The Pantry (PTRY) operates 1600+ gas stations and convenience stores in the southern part of the U.S.. The stock recently hit a 52-week low, and looks attractive across a number of metrics. Though gas prices have been extremely volatile over the last few years, consider the company's recent operating margins:
How are the margins so steady when it operates in such a volatile pricing environment? Contrary to what consumers may believe about gas retailers, they don't make a lot of money from sales of gas. Consider the The Pantry's gross margins from its two major operating segments, merchandise sales and gasoline sales:
After allocating depreciation, store operating costs, and SG&A expenses towards the minimal gas profits that exist, gas operations are likely lose money for the company. Clearly, the company's business model is to lure in customers with a competitive gas price, and then get them to buy cigarettes (which represent 35% of convenience store sales). Counter-intuitively, this type of business actually makes more money when gas prices decline!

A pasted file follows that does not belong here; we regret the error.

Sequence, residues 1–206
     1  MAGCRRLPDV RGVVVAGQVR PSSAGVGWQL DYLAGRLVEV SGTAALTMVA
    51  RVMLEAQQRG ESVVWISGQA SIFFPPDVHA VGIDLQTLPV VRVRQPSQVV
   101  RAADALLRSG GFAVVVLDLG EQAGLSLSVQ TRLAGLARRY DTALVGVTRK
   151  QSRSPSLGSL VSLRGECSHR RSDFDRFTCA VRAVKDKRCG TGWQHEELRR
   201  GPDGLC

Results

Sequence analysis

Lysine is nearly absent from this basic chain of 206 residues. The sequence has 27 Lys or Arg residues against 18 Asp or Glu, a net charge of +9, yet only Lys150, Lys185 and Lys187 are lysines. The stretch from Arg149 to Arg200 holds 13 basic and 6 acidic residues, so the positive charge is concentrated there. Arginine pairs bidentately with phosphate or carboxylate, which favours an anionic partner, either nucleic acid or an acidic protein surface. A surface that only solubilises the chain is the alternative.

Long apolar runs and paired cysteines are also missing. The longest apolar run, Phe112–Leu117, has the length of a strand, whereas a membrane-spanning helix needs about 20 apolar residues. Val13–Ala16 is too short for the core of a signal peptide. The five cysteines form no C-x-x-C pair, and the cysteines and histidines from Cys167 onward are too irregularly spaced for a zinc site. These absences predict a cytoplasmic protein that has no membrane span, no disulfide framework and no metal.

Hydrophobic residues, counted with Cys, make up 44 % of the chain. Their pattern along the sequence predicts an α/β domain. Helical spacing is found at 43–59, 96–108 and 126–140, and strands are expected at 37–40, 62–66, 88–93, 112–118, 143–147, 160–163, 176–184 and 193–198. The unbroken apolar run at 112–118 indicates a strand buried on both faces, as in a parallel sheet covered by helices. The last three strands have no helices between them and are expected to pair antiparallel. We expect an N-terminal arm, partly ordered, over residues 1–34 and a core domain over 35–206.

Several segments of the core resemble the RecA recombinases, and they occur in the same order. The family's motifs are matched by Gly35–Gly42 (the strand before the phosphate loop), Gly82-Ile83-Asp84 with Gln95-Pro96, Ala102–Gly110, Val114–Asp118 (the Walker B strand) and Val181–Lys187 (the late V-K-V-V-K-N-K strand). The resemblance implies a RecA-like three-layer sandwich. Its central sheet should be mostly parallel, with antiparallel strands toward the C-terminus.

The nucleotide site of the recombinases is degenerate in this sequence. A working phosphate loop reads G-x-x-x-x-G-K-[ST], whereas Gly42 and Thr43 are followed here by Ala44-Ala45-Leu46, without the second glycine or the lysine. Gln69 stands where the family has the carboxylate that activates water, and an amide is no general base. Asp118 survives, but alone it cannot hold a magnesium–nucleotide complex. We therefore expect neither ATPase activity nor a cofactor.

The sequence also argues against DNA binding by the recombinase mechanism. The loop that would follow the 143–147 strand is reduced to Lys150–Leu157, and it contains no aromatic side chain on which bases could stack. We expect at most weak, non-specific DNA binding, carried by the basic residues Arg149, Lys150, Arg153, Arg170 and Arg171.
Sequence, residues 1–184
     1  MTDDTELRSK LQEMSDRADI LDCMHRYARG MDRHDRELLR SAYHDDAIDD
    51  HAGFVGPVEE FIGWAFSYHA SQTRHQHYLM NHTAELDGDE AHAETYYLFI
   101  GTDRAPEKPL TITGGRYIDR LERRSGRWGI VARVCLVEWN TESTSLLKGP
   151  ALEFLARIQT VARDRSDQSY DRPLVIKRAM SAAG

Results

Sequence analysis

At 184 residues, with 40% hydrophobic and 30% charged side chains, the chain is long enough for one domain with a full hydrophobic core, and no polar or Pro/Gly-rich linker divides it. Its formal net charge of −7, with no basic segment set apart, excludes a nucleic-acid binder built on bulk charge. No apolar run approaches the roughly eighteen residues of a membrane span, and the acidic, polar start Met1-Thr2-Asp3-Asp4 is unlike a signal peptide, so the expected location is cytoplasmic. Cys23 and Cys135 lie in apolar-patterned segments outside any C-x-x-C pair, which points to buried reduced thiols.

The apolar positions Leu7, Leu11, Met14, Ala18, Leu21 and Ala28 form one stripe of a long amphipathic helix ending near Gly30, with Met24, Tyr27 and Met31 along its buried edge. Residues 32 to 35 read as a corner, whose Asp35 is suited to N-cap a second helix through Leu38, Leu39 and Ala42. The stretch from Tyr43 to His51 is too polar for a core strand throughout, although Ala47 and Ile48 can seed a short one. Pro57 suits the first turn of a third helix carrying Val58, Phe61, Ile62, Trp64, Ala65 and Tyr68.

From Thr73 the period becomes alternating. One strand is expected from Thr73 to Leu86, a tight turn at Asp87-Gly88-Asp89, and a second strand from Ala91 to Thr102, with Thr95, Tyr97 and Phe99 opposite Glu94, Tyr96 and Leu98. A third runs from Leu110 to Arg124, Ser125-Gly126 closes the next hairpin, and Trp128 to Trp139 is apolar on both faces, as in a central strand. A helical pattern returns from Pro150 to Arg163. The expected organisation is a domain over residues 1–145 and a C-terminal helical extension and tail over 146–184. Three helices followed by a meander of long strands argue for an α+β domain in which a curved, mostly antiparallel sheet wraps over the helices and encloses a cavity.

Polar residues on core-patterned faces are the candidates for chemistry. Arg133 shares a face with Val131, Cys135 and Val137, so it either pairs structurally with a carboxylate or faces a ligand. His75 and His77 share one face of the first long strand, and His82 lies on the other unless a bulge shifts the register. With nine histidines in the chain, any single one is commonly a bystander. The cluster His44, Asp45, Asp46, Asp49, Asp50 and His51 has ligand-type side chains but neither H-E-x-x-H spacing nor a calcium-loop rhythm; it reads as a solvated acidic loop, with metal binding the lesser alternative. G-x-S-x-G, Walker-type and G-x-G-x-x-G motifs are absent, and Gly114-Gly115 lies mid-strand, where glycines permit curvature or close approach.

As a result of The Pantry's stable operating model, the company has been able to load up on debt. (For a discussion on why this is so, see here.) But its debt load is now of epic proportion: Tangible equity is negative, and debt to equity levels near 80% when operating leases are taken into account. Nevertheless, the company generates positive cash flow, and appears focused on reducing its debt. As such, the potential for price appreciation is strong. At the same time, however, because of the high debt levels, there isn't a lot of room for error for the reasons discussed here, and therefore investors should tread carefully.